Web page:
Your cat may not come when called, but that doesn’t mean it doesn’t listen. (Sorry, she just ignored you.)
Recent studies show that domestic cats may share some of the same language recognition skills as dogs. In a 2019 paper in the journal Scientific Reports, a team of Japanese researchers say they have demonstrated that cats can recognize their own names in a wide range of spoken words. Now, new research from some of the same scientists suggests that this familiarity may extend to domestic feline friends as well.
In an article published April 13 at Scientific reports, researchers quizzed 48 domestic cats about the names of their fellow cats with whom they lived. Twenty-nine cats are residents of Japanese cat cafes – cafes where customers can freely interact with cats while perhaps fishing with their coffee machines – while 19 The rest come from private residences where three or more cats are kept. .
For each cat study participant, the researchers played a recording of the cat’s owner calling another living cat’s name several times in succession. After the fourth call, the researchers showed the participants a photo on a laptop screen; in two of the four subsequent tests, the photo showed the face of the cat the owner had called (this is known as “gay status”), while in the remaining tests the photo showed saw the face of a cohabiting cat that was different from the one the owner called (“irrational condition”).
The researchers found that domestic cats, but not cafe cats, often stared at screens for longer when unusual images were on the screen – suggesting that the cats violated their expectations and are trying to grapple with the fact that their feline friends’ names and faces don’t line up.
“We have demonstrated that cats expect a specific face when hearing a specific name of a companion,” the researchers wrote in their paper. “This study provides evidence that cats associate a companion’s name with the corresponding face without explicit training.”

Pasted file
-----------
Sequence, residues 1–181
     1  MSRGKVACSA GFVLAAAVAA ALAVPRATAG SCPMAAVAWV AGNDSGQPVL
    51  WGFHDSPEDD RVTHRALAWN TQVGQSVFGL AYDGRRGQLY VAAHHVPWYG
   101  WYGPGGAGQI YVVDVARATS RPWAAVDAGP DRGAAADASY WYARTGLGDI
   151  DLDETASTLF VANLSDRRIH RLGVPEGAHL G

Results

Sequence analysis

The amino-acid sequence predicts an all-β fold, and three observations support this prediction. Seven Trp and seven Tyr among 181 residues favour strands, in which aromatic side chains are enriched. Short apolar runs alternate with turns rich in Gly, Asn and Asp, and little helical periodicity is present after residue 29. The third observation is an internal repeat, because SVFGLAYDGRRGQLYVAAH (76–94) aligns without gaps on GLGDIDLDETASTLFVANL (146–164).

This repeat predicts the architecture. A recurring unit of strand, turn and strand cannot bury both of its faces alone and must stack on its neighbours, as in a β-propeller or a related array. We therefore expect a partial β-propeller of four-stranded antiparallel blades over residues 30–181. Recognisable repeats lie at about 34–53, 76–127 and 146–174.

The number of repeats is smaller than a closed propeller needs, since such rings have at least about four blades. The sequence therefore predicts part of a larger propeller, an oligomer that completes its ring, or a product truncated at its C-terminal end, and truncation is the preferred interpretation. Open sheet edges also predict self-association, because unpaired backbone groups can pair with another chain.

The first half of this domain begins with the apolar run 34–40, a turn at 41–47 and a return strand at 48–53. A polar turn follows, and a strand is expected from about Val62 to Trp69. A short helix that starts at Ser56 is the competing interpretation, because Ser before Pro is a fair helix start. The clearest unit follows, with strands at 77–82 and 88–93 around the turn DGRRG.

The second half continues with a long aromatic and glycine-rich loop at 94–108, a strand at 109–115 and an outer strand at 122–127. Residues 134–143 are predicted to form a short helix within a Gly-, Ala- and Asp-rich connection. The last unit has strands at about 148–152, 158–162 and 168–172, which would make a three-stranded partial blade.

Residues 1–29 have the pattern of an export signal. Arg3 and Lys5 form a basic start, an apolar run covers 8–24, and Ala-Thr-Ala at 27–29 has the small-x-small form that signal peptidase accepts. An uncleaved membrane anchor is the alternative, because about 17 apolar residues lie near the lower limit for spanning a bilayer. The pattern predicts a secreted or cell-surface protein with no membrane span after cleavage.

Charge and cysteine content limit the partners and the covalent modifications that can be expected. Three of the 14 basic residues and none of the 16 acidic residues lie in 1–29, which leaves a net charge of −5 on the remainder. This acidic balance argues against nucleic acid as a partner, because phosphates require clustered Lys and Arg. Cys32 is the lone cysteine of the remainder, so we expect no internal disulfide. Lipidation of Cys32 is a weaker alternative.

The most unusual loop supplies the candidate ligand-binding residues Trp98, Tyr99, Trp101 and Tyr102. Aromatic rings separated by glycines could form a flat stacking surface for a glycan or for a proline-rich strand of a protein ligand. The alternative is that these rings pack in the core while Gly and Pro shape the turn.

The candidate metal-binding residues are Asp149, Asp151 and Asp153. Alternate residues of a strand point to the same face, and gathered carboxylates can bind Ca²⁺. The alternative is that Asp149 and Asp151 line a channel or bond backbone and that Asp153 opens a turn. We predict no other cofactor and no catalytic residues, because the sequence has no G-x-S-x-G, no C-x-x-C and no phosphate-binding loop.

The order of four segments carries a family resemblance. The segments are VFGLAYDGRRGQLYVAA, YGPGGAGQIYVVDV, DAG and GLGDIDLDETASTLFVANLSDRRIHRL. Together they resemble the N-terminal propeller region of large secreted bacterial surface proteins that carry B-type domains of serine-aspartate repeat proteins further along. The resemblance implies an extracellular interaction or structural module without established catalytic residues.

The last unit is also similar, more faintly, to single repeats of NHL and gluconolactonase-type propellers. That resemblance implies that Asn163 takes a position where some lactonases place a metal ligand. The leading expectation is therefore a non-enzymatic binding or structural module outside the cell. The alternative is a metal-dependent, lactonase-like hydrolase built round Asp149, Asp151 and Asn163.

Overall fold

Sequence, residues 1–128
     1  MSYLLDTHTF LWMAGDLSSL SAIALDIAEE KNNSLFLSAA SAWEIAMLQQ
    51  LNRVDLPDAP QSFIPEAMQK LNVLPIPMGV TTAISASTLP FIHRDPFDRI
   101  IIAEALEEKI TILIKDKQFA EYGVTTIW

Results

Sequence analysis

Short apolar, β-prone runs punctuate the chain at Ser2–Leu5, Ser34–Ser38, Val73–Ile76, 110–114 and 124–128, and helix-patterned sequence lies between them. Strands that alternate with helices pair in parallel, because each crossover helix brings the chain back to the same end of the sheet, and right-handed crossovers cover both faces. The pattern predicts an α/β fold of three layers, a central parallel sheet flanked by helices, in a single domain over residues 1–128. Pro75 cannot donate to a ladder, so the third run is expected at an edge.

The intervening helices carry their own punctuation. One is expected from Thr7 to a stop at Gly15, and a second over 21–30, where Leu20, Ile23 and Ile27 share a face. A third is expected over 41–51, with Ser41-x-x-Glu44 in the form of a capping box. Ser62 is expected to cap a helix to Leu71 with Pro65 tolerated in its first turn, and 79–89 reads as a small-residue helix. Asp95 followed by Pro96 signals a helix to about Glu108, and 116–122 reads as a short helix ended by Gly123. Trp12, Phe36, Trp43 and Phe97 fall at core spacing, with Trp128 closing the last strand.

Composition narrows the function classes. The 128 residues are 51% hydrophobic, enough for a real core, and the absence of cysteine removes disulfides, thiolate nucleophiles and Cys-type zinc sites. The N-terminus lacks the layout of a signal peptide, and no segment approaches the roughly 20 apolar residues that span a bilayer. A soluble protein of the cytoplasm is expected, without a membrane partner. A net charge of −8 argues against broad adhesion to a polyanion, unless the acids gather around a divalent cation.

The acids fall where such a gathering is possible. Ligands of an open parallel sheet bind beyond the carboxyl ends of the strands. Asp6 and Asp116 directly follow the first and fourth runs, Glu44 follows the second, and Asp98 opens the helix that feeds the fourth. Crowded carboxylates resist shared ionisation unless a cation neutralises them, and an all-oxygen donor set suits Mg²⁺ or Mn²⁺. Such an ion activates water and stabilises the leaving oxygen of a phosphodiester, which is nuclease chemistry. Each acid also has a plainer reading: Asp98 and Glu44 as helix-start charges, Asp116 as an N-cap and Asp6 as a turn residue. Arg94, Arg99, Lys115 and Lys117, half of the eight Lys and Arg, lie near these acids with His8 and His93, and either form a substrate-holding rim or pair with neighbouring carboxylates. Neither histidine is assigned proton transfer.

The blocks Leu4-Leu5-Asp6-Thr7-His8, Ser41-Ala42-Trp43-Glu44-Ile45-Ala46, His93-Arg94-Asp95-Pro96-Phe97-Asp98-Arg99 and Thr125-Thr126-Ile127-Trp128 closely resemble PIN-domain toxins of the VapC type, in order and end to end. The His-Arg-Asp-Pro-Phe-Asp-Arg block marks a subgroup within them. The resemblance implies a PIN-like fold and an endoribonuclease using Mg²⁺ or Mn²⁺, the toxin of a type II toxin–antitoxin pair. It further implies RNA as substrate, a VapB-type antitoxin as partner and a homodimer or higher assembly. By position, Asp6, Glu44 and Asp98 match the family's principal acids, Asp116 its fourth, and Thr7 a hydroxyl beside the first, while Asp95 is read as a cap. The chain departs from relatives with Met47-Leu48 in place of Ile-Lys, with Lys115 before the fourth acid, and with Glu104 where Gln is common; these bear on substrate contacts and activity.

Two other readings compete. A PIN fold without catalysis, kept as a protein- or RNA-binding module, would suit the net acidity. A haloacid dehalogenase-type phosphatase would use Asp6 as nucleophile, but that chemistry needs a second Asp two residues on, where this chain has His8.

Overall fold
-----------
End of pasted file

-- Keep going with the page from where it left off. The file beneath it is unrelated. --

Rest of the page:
Interestingly, the researchers wrote that the cafe cats did not pay much attention to the screen during the anomaly and paid less attention to the tests than the domestic cats. This suggests that cafe cats are less familiar with individual feline friends than domestic cats, and that they may be less likely to hear individual cat names, the authors write.
Domestic cats, on the other hand, tend to hear their companion’s names more often — especially during feeding, when naming cats determines which animals eat and which do not, the researchers said. This can give the domestic cat more opportunity and more incentive to associate the companion cat’s name with its face.
Of course, any study of domestic cat behavior must be done with a grain of catnip, given the challenges of keeping the cat’s focus. Although the domestic cats in the study focused on dissimilar images for longer, on average, compared with similar images, the time difference amounted to only a few dozen frames of footage (only a second or two).
And that’s when the cats decided to pay attention. The team admits that some of the tests were excluded from the team’s analysis because the cat refused to look at the screen at all. One cat had to be excluded from the study after deciding that this whole science was not for her.
Originally published on Live Science.
https://www.livescience.com/cats-remember-names Cats remember their friends’ names